Firms must consider customer size and location when designing transportation networks. Large customers can be supplied using a TL carrier, whereas smaller customers will require an LTL carrier or milk runs. When using milk runs, a shipper incurs two types of costs:

  • Transportation cost based on total route distance
  • Delivery cost based on number of deliveries

The transportation cost is the same whether going to a large or small customer. If a delivery is to be made to a large customer, including other small customers on the same truck can save on trans­portation cost. For each small customer, however, the delivery cost per unit is higher than that for large customers. Thus, it is not optimal to deliver to small and large customers with the same fre­quency at the same price. One option firms have is to charge a higher delivery cost for smaller customers. Another option is to tailor milk runs so they visit larger customers with a higher fre­quency than smaller customers. Firms can partition customers into large (L), medium (M), and small (S), based on the demand at each. The optimal frequency of visits can be evaluated based on the transportation and delivery costs (see Section 11.2). If large customers are to be visited on every milk run, medium customers on every other milk run, and low-demand customers on every third milk run, suitable milk runs can be designed by combining large, medium, and small cus­tomers on each run. Assume that medium customers are partitioned into two subsets (M1, M2), and small customers are partitioned into three subsets (51, S2, S3). The firm can sequence the following six milk runs to ensure that each customer is visited with the appropriate frequency: (L, M1, S1), (L, M2, S2), (L, M1, S3), (L, M2, S1), (L, M1, S2), (L, M2, S3). This tailored sequence has the advan­tage that each truck carries about the same load and larger customers are provided more frequent delivery than smaller customers, consistent with their relative costs of delivery.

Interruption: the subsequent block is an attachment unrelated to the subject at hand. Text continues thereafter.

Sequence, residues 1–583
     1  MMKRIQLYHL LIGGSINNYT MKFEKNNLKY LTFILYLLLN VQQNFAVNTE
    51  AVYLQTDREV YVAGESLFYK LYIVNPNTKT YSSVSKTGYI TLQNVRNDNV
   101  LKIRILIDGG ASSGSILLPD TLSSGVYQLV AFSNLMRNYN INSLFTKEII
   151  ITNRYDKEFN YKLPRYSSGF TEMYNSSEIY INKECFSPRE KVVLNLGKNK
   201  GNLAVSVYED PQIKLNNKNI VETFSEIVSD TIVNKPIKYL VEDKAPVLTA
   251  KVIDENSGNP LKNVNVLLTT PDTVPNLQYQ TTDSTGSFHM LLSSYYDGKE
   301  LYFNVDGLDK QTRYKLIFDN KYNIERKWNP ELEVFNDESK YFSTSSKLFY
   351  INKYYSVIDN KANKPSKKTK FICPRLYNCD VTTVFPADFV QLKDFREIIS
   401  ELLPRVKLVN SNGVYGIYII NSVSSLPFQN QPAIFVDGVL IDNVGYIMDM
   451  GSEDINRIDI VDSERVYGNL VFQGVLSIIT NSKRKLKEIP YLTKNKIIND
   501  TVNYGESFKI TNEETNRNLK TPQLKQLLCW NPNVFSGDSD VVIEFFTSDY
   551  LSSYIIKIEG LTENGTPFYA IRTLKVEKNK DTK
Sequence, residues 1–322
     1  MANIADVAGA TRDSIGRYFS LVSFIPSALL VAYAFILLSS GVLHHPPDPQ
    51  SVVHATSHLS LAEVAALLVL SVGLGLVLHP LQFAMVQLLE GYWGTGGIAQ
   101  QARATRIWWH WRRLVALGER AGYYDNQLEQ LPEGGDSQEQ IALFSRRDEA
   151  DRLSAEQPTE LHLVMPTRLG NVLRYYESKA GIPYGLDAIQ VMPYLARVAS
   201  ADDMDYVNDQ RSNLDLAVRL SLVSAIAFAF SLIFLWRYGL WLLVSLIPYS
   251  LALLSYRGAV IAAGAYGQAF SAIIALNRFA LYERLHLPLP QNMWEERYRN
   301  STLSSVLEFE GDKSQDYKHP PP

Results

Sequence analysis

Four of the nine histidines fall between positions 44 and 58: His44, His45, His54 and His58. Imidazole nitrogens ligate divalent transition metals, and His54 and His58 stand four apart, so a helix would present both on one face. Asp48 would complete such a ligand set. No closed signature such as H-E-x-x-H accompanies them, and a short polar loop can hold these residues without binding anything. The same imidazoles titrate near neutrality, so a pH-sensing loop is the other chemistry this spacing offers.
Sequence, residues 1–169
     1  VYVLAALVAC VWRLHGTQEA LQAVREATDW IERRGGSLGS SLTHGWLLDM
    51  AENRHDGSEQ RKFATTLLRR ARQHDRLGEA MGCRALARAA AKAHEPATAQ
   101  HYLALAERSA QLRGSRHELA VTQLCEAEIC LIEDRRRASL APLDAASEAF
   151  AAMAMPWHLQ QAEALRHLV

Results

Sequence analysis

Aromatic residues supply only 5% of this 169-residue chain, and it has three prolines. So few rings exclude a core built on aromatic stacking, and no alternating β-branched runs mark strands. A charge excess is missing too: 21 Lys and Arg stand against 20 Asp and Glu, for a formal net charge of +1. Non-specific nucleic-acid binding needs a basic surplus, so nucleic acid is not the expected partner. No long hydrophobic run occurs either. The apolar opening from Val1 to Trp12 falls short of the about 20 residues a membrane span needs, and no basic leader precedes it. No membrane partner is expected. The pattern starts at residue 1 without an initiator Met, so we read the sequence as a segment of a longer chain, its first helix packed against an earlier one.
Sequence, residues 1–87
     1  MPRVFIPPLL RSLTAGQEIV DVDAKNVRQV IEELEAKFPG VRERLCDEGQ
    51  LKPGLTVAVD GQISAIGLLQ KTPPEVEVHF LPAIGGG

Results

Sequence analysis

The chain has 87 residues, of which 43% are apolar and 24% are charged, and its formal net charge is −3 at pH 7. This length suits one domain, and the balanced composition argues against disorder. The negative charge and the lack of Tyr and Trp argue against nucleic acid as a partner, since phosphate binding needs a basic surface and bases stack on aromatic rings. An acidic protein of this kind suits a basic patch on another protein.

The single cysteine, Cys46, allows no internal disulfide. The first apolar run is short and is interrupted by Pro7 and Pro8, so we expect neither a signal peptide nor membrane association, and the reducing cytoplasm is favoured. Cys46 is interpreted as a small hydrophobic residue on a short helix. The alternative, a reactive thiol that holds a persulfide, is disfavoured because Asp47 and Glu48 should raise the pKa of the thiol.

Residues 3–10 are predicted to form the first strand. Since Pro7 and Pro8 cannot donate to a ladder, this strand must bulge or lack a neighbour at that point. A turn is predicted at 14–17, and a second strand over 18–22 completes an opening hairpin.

3. Tailored Transportation by Product Demand and Value

The degree of inventory aggregation and the modes of transportation used in a supply chain net­work should vary with the demand and value of a product, as shown in Table 14-11. The cycle inventory for high-value products with high demand is disaggregated to save on transportation costs because this allows replenishment orders to be transported less expensively. Safety inven­tory for such products can be aggregated to reduce inventories (see Chapter 12), and a fast mode of transportation can be used if the safety inventory is required to meet customer demand. For high-demand products with low value, all inventories should be disaggregated and held close to the customer to reduce transportation costs. For low-demand, high-value products, all invento­ries should be aggregated to save on inventory costs. For low-demand, low-value products, cycle inventories can be held close to the customer and safety inventories aggregated to reduce trans­portation costs while taking some advantage of aggregation. Cycle inventories are replenished using an inexpensive mode of transportation to save costs.

Source: Chopra Sunil, Meindl Peter (2014), Supply Chain Management: Strategy, Planning, and Operation, Pearson; 6th edition.